Cyber-bullying via social media seen as crime
PICKING on someone on Facebook may soon become a crime.
A bill has been filed at the House of Representatives defining and penalizing “cyber-bullying,” or the act of posting rude, offensive or insulting messages against the victim on the Internet.
“By penalizing acts of cyber-bullying, people are encouraged to become responsible netizens and make them accountable for their cyber-actions,” the author, Camarines Sur Rep. Rolando Andaya Jr., said in an explanatory note.
Cyber-bullying, he said, would refer to “acts of cruelty committed using the Internet or any form of electronic media or technology that has the effect of stripping one’s dignity or causing reasonable fear or physical or emotional harm.”
Offensive acts include the following:
a) Repeatedly sending offensive, rude and insulting message;
b) Distributing derogatory information about the victim;
c) Posting or sending offensive photos of the victim, whether these are digitally altered or not, or were taken with or without consent, with the intention to humiliate and embarrass the victim;
d) Breaking into an email, social networking or any electronic account and using the victim’s virtual identity to send, upload or distribute embarrassing materials to or about others;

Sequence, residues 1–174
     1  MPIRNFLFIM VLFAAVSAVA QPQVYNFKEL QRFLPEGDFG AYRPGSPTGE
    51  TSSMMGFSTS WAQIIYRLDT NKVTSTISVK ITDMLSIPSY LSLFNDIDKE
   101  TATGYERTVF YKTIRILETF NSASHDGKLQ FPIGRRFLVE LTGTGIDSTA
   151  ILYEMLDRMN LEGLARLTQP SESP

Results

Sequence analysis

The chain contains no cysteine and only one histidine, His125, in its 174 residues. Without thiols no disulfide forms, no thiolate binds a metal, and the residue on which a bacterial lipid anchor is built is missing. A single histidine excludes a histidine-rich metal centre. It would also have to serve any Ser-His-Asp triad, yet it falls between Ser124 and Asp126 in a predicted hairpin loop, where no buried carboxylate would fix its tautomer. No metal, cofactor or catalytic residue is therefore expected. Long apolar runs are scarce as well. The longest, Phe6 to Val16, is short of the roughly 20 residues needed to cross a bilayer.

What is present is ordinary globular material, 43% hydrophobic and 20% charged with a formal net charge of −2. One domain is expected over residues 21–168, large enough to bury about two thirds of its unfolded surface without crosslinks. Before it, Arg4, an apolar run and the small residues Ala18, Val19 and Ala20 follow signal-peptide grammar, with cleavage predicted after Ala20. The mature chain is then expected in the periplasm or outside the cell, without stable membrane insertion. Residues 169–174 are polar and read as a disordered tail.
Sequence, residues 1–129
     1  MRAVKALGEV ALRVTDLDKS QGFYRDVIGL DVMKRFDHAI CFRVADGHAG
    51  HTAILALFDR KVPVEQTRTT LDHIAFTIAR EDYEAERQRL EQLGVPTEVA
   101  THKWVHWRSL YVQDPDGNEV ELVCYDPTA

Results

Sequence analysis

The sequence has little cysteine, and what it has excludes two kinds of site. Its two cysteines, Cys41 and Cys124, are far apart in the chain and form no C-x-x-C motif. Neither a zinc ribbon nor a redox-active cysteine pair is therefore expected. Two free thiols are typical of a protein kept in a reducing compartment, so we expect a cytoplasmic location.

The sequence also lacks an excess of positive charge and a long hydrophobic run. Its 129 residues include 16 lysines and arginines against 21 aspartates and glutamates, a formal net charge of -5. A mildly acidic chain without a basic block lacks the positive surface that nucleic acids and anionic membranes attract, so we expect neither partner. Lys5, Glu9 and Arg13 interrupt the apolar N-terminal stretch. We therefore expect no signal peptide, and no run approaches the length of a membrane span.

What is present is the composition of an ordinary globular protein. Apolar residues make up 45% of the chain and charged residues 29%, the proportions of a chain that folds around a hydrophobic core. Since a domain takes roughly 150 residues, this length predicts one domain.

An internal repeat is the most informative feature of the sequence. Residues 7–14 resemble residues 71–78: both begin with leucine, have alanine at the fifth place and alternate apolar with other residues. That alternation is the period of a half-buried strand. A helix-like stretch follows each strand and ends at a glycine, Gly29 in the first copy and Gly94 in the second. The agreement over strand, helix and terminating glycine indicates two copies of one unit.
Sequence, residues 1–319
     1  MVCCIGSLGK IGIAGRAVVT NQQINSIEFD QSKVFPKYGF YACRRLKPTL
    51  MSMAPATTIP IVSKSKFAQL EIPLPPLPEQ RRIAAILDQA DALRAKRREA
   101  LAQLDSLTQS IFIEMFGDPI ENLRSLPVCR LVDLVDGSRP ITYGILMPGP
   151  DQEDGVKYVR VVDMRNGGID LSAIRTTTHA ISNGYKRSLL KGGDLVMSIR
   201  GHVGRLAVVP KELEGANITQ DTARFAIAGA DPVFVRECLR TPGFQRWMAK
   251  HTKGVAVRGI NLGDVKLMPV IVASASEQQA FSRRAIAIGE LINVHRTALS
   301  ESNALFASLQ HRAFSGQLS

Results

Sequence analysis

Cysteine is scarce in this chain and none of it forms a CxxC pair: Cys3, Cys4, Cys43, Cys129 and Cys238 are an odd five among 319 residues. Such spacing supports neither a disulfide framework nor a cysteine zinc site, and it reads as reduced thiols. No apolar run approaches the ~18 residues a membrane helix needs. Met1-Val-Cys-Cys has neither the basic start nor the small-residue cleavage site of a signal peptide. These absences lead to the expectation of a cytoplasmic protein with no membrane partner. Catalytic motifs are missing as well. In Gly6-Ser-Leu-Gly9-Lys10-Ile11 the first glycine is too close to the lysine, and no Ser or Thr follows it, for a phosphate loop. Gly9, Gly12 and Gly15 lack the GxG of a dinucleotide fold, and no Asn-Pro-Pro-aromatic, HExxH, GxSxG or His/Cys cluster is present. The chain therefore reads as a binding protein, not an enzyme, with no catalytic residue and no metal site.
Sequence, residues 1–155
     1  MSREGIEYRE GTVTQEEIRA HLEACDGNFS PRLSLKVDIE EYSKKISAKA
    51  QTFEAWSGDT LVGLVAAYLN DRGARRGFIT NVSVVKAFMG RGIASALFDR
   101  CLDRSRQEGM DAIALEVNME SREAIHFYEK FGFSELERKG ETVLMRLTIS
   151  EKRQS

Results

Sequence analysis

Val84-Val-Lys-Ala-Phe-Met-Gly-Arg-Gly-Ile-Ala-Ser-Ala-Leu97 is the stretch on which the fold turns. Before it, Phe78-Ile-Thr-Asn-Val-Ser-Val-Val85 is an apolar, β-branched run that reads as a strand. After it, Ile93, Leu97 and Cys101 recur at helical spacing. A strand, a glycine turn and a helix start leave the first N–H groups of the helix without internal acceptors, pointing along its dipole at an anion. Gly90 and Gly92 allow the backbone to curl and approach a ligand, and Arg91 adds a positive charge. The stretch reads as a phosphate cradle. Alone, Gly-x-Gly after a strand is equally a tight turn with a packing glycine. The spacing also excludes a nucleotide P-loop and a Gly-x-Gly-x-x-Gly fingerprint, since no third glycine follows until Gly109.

e) Sharing the victim’s personal information or any embarrassing information, or tricking the victim into revealing personal or embarrassing information and sharing it to others; and
f) Repeatedly sending messages that include threats of harm or engaging in online activities that cause fear on the victim’s safety.
“Cyber-bullying is one such problem that the advancement in technology and social media has generated. It can potentially affect not only school-aged children, but also any individual who has access to a mobile phone or the internet,” Andaya said.
Under House Bill 5718, or the proposed “Anti Cyber-Bullying Act of 2015,” cyber-bullies shall face a penalty of fines ranging from P50,000 to P100,000, or imprisonment between six months and six years, or both, at the discretion of the court.
“The onset of the Internet has shattered world barriers empowering users with immense information and allowed them to be socially connected to virtually anybody around the globe in the comfort of their own homes,” Andaya said.
“Because of the anonymity that the Internet gives, social and moral norms are easily switched off and users are emboldened to just say or post anything online without accountability,” he added.
As a result, “Internet bashing” has become a culture among Internet users and even spawned problems that involve hostility and aggression, Andaya said.
The measure provides that the Commission on Information and Communications Technology (CICT), Department of Justice (DOJ), and the Department of Interior and Local Government (DILG) shall jointly formulate the necessary rules and regulations within 90 days of passage.
HB 5718 has been referred to the information communication technology committee chaired by Rizal Rep. Joel Roy Duavit. SFM/ABC